I teach undergraduate courses in conservation genetics, wildlife measurements, herpetology, GIS, and museum collections and outreach.
Having the opportunity to ignite curiosity in the classroom excites me and drives me to teach. For those students entering the sciences, I believe classes have the potential to and should prepare them to make more valuable contributions to scientific research. For those not pursuing the field further, material should at the very least engage, provoke, and forge lasting impressions. I believe it is essential to show how lecture material is relevant. For class sizes that allow for it, interacting in real settings with the material is one of the best ways to heighten student interest. For larger classes, sharing examples from personal experience and research anchors abstract concepts to everyday life, and inspires students to ask questions. I enjoy sharing my considerable experience as a biologist working with a variety of taxa.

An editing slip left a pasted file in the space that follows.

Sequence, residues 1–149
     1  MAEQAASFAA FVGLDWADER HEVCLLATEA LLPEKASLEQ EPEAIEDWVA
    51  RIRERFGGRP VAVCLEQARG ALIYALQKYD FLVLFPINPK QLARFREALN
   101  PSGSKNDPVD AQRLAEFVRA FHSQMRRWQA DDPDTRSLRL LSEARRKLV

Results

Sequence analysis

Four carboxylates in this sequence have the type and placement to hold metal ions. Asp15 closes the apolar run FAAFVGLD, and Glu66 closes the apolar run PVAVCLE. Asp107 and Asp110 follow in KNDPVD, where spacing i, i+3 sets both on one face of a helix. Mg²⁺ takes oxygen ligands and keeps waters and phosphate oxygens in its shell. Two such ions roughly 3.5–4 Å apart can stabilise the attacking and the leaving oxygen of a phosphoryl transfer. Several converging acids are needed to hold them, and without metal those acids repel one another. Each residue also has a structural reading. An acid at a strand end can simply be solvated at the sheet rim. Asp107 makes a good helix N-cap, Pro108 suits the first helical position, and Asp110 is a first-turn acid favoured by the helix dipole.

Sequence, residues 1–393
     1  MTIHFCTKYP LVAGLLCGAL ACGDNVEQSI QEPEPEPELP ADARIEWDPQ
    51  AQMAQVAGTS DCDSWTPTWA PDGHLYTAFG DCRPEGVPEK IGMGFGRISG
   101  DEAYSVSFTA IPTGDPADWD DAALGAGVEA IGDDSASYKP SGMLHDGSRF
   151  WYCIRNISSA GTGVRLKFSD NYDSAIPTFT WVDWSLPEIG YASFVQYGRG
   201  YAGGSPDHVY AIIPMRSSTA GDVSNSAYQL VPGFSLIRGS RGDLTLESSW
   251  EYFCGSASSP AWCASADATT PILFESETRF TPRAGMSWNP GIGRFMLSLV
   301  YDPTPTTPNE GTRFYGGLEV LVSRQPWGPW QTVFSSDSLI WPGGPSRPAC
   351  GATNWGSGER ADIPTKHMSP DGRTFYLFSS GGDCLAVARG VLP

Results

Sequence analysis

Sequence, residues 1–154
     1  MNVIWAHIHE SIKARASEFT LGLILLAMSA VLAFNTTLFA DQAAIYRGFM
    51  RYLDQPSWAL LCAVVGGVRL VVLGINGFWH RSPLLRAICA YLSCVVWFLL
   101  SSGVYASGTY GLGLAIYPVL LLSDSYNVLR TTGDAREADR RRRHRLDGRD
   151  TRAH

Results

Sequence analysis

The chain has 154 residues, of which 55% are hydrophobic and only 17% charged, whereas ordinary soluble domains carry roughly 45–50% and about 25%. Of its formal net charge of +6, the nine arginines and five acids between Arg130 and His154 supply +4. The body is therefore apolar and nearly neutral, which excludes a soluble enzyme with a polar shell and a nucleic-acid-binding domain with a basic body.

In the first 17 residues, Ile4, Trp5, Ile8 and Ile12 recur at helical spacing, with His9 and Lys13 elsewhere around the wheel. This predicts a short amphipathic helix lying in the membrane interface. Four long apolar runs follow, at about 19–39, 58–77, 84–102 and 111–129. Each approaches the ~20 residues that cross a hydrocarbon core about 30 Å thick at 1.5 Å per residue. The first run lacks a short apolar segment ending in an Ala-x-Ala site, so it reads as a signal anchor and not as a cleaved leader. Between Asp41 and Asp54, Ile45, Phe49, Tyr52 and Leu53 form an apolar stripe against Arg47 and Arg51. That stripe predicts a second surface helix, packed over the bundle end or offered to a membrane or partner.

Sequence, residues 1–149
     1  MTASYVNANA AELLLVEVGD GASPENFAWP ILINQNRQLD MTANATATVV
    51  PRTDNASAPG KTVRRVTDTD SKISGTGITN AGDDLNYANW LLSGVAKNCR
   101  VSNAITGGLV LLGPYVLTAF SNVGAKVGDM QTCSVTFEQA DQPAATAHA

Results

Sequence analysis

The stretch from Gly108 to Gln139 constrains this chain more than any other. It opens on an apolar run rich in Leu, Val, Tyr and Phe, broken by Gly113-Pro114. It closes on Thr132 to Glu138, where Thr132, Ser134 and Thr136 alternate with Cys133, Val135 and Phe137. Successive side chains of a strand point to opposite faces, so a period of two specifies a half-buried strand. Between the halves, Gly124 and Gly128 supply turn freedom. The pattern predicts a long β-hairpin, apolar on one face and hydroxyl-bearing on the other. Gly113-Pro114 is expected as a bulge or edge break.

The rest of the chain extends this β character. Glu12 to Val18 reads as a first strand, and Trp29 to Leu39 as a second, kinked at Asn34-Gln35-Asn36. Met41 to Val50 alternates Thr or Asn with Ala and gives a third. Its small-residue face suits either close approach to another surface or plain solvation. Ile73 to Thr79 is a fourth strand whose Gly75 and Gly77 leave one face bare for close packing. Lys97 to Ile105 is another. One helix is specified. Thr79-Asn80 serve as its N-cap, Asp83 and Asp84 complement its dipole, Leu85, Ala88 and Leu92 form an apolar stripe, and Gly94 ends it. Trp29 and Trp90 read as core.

In all settings, I believe the classroom environment should be open, inviting, and interactive. I encourage classroom discussion, as I believe it aids in the process of understanding material at a deeper level, therefore increasing the opportunity for tie-ins to other concepts and applications. I embrace the opportunity for continued discussions outside the classroom as well, and I thoroughly enjoy my role as mentor to young biologists in the field and laboratory. Such involvement allows me to better understand the needs of students, strengthen relationships, and provide more in-depth exposure to the workings of the natural world. I strive to create an environment where students leave my class with greater curiosity, and are motivated to continue learning.